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Predictable ETF-driven Price Distortions

| | Posted in: Equity Premium

Does trading in exchange-traded funds (ETF) by authorized participants (who may create and redeem ETF shares by exchanging underlying assets) predict associated ETF returns? In their November 2016 draft paper entitled “ETF Arbitrage and Return Predictability”, David Brown, Shaun Davies and Matthew Ringgenberg examine the relationship between ETF share creation/redemption and ETF returns. For their principal analysis, they each week or each month rank ETFs into fifths (quintiles) based on change in shares outstanding and then calculate future returns by value-weighted or equal-weighted quintile. Using daily prices, share creation/redemption data, net asset values, volumes, bid-ask spreads, underlying asset characteristics and fund characteristics for approximately 1,200 ETFs, along with contemporaneous equity factor model returns, during January 2007 through December 2015, they find that:

  • A strategy which buys (sells) the quintile of ETFs with the most shares redeemed (created) generates gross annualized 4-factor (market, size, book-to-market, momentum) alphas of 5% to 13% over the sample period, depending on weekly or monthly quintile reformation, value weighting or equal weighting, and exclusion of immature funds.
    • Return predictability is strongest for the most liquid ETFs (easiest to short, smallest bid-ask spreads and highest volumes).
    • Results are qualitatively similar for raw returns, 3-factor (market, size, book-to-market) alpha and 5-factor (adding profitability and investment) alpha.
  • In general, ETFs generate abnormally low returns following inflows and abnormally high returns following outflows, affecting the average experience of traders (see the chart below). For example, the average flow-adjusted return for SPDR S&P 500 (SPY) is 4.96%, compared to an estimated 5.62% total return for its underlying assets. The average annual performance shortfall of 0.66% is much larger than SPY’s 0.09% annual fee.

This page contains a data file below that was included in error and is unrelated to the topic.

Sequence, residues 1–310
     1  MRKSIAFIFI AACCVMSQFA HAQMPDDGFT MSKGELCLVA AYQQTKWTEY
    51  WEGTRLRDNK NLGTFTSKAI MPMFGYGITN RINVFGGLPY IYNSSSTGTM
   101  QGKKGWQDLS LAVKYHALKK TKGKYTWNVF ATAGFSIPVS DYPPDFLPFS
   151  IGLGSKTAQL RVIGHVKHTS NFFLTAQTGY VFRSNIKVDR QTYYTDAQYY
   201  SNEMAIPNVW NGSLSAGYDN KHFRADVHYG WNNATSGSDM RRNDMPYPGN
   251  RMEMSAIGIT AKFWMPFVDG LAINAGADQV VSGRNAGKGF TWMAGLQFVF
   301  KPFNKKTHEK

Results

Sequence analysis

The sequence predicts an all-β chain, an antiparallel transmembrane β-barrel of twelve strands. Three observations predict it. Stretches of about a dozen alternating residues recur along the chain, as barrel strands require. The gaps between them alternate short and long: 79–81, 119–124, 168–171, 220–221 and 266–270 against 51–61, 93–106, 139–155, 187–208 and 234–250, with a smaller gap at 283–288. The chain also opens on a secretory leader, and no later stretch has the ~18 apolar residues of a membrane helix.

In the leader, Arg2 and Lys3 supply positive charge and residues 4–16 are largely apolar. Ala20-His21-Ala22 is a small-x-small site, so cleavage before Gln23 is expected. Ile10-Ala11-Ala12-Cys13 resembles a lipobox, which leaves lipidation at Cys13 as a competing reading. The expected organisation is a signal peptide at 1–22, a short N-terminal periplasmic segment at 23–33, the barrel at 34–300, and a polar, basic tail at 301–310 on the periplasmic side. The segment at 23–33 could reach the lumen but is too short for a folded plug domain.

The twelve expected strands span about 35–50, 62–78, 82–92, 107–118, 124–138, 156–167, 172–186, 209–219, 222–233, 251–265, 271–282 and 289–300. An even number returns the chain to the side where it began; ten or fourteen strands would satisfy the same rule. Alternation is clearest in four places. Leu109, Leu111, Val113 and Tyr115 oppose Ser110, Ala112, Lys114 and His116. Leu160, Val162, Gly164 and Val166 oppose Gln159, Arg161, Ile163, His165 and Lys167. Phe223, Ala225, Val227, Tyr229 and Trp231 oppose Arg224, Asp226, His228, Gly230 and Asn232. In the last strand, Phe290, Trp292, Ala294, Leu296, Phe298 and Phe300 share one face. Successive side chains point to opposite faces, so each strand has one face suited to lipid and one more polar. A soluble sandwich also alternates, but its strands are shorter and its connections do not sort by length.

The following chart, taken from the paper, tracks value-weighted cumulative abnormal return for the quintile of mature ETFs with the highest share creations from six months before (t-6) to six months after (t+6) quintile formation (t=0) over the 2007-2015 sample period. Abnormal means relative to the value-weighted average return of all mature ETFs. As money flows in, cumulative abnormal return increases to over 1%, but then completely reverses by t+6. In other words, a month of ETF crowding pushes prices above fundamental value, with subsequent slower reversal as crowding subsides.


In summary, evidence indicates that unusual ETF inflows and outflows drive fund prices from fundamental value even when arbitrageurs are actively creating and redeeming ETF shares.

Cautions regarding findings include:

  • Returns and alphas are gross, not net. Accounting for trading frictions associated with weekly or monthly ETF portfolio reformation and shorting costs would dampen results.
  • As noted in the paper, value weighting tends to concentrate any effects on a relatively few underlying assets because of similarities among the largest ETFs. 
  • ETF share creation/redemption activities are not readily available to investors.
  • While relative performance of ETFs is available, the study does not test exploitability of the event study pattern in the figure above.
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